[Originally published on the massive page Thank God For Insects]
Mosquito eye inspires artificial compound lens
Anyone who’s tried to swat a pesky mosquito knows how quickly the insects can evade a hand or fly swatter. The pests’ compound eyes, which provide a wide field of view, are largely responsible for these lightning-fast actions. Now, researchers have developed compound lenses inspired by the mosquito eye that could someday find applications in autonomous vehicles, robots or medical devices.
Specific immune response of beetles adapts to bacteria
After the researchers repeatedly confronted the insects and their progeny with bacteria, they observed that the beetles’ immune system reacted more strongly after just a few generations. “Our study helps us to understand whether an immune system’s specificity ability can adapt quickly to the conditions of repeated confrontation with pathogens,” says Prof. Joachim Kurtz from Münster University, who is heading the study. The results might be able to help provide a better understanding of molecular processes that play a role in the innate immune memory in humans and that could perhaps be used for medical purposes.
Leaping larvae! How do they do that without legs?
‘Hydrostatic legless jumping’ launches a 3-millimeter maggot of a goldenrod gall midge 20-30 body-lengths away with acceleration rivaling the best legged leapers. The larva latches its head to its tail with a previously unknown adhesive and squeezes some internal fluids into its tail section for launch pressure.
When the adhesive bond between the head and tail can no longer hold, the tension is sprung, launching the worm into a high, tumbling flight that will carry it 20 to 30 body-lengths away in a tenth of a second at speeds comparable to a jumping insect with actual legs. The direction of flight is somewhat random and the worm-like larva bounces a bit on landing, but it’s apparently none the worse for wear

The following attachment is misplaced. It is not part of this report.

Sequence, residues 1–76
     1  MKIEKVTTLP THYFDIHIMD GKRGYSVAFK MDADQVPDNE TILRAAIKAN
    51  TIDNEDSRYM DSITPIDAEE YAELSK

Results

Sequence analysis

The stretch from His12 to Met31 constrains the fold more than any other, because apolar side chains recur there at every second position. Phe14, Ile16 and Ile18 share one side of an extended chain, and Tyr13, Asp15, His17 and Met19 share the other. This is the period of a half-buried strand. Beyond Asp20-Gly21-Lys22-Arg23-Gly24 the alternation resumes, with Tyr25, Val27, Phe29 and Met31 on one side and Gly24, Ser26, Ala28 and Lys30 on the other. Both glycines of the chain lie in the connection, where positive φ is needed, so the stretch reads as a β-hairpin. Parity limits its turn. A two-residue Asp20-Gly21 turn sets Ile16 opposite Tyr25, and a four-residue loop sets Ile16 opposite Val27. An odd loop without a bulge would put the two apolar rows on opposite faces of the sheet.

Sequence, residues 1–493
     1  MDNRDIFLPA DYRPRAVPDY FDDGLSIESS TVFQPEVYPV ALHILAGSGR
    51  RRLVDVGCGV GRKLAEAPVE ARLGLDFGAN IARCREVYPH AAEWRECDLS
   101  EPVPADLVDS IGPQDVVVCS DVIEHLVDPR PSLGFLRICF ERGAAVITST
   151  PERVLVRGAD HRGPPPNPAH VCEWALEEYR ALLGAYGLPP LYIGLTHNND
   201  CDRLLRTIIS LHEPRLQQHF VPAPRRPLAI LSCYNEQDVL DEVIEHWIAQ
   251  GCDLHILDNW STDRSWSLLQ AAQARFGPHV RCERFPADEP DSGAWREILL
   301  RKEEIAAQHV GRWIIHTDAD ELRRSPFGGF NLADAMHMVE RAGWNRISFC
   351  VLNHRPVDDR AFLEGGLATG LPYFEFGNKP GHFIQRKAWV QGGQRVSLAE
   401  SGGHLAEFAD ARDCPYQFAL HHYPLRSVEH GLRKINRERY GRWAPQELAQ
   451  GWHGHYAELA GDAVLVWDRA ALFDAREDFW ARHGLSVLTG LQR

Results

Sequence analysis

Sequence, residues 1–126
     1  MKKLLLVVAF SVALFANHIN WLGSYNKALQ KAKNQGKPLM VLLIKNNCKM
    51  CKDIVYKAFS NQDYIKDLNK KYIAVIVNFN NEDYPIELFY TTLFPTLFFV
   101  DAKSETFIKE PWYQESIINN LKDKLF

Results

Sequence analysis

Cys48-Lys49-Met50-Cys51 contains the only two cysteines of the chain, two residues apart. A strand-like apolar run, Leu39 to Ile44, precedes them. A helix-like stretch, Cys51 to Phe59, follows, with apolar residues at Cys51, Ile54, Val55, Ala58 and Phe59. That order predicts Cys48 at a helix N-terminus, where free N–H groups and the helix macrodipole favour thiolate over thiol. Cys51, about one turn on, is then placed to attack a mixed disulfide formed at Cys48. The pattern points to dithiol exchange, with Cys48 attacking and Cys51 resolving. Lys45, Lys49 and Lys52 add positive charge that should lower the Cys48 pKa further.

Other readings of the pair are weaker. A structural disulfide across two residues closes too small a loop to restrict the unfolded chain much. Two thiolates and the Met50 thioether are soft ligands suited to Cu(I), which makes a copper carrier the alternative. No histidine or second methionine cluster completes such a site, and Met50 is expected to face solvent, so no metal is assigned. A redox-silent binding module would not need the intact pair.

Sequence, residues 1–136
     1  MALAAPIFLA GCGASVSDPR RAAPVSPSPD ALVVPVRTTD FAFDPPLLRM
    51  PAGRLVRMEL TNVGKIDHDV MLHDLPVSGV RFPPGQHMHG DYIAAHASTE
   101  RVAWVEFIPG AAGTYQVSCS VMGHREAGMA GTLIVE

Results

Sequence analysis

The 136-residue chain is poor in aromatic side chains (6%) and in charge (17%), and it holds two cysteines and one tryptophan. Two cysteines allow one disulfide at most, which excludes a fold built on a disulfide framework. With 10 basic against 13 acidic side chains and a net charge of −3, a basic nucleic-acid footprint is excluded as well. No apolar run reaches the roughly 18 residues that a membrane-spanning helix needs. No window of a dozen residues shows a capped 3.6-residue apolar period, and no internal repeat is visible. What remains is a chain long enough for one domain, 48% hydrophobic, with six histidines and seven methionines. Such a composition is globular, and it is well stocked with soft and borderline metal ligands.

What Farley learned from all those jumps is that there is a hinge in the worm’s body about a third of the way from the tail that makes that lower portion what they call a “transient leg” to deliver the thrust to the surface.
This “hydrostatic legless jumping,” as it’s known by a team of Duke researchers who studied the launches with ultra-high-speed cameras, is about 28 times more energy efficient (and much faster) than crawling like a regular old caterpillar…The latching mechanism formed by “adhesive microhairs” between each segment of the worm is apparently new, and the calculations about how much more efficient jumping is than crawling may be of interest to the field of soft robots.
Ultra-white beetle scales hold secret to creating sustainable paint from recycled plastic
The structure of ultra-white beetle scales could hold the key to making bright-white sustainable paint using recycled plastic waste, scientists at the University of Sheffield have discovered. Cyphochilus beetle scales are one of the brightest whites in nature and their ultra-white appearance is created by the nanostructure in their tiny scales, as opposed to the use of pigment or dyes.
Experts have now been able to recreate and improve on this structure in the lab using low cost materials via a technique which could be used as a sustainable alternative to titanium dioxide in white paint…